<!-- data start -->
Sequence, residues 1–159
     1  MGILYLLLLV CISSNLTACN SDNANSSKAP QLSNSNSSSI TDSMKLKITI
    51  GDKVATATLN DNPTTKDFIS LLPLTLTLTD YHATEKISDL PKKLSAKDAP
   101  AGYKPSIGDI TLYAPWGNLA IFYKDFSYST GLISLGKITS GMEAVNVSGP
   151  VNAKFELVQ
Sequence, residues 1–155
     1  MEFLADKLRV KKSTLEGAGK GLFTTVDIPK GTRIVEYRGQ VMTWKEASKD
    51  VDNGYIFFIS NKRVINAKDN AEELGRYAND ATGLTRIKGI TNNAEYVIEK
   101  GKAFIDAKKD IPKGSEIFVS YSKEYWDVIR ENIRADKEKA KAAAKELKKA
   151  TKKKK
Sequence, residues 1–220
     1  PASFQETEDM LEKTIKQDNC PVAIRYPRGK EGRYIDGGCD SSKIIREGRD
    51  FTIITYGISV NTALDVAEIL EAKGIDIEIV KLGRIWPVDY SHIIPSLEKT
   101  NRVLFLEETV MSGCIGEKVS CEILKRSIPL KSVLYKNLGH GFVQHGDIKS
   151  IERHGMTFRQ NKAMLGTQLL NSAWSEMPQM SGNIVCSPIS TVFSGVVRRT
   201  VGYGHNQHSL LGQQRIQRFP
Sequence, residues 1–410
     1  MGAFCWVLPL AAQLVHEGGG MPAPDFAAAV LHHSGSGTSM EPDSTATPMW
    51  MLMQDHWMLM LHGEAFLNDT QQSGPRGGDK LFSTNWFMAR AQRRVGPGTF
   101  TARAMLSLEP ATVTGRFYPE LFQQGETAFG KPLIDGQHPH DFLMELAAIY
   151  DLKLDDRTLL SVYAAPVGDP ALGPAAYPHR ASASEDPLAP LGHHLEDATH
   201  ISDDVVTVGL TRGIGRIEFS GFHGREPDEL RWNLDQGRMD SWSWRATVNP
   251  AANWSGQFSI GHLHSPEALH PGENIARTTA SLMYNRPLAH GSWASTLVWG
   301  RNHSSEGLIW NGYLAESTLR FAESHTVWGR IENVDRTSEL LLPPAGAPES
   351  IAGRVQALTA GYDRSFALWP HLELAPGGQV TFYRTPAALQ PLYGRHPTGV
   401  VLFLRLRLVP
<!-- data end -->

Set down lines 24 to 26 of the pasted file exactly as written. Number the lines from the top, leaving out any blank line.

   301  RNHSSEGLIW NGYLAESTLR FAESHTVWGR IENVDRTSEL LLPPAGAPES
   351  IAGRVQALTA GYDRSFALWP HLELAPGGQV TFYRTPAALQ PLYGRHPTGV
   401  VLFLRLRLVP